Musical Rain-gauges at the Prague Quadrennial 2015 @PQ2015 #PQ2015

A couple of weeks ago I used some of my annual leave to accompany my wife, Amy, to the Prague Quadrennial of Performance Design and Space, or PQ, where she was giving a paper. Amy had tried to explain this to me as like an “Olympics of Scenography” – where nations exhibited examples of performance design and space to the 180,000 people who are estimated to have attended the event. She was, of course, summarising it as basically as she could for me, as the event was a whole lot more than that description.

If, like me, you are unfamiliar with Scenography, Wikipedia describes it as “the study and practice of performance design”. For me the most interesting aspects were the studies of space, and how people related to spaces on stage and around them. From the talks, exhibits and the materials in the book shop, it was clear that there is a very strong cross over with disciplines like architecture – this appealed to the former Planner in me.

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It was very nice to see Amy (middle in the picture above) present her paper – it was the first time I’ve had the chance to do so. The room she presented in was very impressive and grand, although the geology on the walls was painted on (in fact, even one of the balconies was painted). My appalling photography skills doesn’t really do it justice.

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As I had a three-day pass, it gave me an opportunity to explore the exhibits spread across the Old Town of Prague. One of the themes was ‘weather’ and as a hydrometeorologist I was keen to see what had been created.

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Above is Sound of Music (in a Box). After spending so much time working with River in a Box and Humber in a Box, anything called ‘in a Box’ is going to grab my attention. This was part of Finland’s exhibit, where this piano had been left on a beach for a full year, experiencing the four seasons and then played. A recording of this could be heard via the headphones.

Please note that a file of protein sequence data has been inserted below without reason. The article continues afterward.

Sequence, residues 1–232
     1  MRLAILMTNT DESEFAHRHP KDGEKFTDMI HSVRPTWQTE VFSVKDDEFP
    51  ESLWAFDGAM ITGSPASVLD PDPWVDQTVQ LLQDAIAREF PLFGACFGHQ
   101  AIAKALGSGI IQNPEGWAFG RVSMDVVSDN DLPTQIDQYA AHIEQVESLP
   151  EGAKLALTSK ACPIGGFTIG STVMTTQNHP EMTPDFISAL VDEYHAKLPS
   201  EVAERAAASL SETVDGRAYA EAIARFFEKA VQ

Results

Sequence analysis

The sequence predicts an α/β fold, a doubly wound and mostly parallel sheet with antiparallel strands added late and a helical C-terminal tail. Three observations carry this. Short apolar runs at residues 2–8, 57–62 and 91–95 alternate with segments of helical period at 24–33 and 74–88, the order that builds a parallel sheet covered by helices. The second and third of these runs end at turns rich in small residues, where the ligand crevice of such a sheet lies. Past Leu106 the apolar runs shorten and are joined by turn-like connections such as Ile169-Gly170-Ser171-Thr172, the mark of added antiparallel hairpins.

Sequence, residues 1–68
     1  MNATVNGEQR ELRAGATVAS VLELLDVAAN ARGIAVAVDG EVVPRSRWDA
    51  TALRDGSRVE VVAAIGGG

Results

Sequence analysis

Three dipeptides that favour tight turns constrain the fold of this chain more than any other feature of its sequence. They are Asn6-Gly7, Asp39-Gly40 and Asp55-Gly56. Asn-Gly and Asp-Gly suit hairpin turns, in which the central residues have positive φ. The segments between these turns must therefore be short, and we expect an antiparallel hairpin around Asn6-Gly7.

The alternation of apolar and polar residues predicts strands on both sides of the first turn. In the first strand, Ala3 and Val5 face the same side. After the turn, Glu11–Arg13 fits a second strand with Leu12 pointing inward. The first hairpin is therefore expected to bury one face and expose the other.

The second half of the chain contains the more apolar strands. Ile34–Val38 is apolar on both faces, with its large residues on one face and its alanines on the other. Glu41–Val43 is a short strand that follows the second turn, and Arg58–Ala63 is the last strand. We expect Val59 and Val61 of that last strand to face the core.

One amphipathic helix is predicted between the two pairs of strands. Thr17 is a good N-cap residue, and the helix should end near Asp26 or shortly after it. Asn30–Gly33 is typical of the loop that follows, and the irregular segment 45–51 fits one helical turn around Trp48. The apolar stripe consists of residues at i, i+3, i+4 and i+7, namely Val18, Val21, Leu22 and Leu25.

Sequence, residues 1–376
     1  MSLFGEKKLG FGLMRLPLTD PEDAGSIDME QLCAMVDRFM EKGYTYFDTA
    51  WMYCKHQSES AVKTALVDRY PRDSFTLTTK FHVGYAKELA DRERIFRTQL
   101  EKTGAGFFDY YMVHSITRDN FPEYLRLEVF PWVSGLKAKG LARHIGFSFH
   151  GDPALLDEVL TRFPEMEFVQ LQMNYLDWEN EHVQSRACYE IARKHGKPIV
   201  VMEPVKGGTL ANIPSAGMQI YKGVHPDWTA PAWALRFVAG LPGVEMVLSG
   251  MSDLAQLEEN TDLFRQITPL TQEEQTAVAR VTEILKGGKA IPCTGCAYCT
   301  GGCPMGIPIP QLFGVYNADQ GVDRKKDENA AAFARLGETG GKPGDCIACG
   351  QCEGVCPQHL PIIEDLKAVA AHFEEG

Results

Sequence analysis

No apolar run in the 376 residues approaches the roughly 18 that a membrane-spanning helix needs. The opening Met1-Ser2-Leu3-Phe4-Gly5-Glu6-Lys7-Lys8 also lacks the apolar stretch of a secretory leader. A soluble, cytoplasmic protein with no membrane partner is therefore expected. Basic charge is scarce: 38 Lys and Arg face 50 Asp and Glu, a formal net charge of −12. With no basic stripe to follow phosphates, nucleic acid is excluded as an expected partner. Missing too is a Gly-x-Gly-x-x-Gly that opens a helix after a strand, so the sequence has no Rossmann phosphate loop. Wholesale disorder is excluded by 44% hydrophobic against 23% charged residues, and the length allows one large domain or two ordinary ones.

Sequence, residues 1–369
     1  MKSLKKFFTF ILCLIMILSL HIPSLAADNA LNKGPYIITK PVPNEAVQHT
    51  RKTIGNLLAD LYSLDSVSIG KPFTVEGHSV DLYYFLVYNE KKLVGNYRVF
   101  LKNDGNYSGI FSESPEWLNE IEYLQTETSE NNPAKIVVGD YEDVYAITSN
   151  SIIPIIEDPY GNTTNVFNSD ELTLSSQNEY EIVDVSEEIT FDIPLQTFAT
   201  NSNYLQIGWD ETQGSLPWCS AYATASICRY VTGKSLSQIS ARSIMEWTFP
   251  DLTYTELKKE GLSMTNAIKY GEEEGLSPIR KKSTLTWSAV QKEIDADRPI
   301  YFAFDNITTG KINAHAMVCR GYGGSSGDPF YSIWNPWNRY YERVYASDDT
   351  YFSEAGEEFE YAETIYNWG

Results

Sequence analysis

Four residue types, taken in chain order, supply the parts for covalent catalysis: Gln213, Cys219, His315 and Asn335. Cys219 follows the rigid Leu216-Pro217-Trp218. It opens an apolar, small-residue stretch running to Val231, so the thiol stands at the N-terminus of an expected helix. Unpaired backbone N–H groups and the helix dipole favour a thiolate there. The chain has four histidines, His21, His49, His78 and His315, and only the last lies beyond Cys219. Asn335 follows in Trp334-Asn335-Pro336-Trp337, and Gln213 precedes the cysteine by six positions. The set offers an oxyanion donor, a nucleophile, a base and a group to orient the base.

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‘Melting Point’ was another exhibit by Finland and this grabbed my attention. You can see a video of this below. Here microphones were used to record the sounds of blocks of ice melting, and the drops falling into a pool underneath. This reminded me so much of Rolf Hut’s TED talk about the acoustic disdrometer – I wonder if music could be made by recording the passage of storms over a network of rain-gauges?

Although I was a long way out of my expertise looking around the exhibits, I really enjoyed viewing, experiencing and engaging with them, and discussing them with Amy. At the same time, in the same city, was the conference of the International Union of Geophysics and Geodesy – I really think that many of the delegates there would have enjoyed and been inspired by many of the exhibits at PQ, and vice versa. It’s a shame that we rarely get to experience things outside of our immediate disciplines even when two large, influential meeting coincide in the same city.

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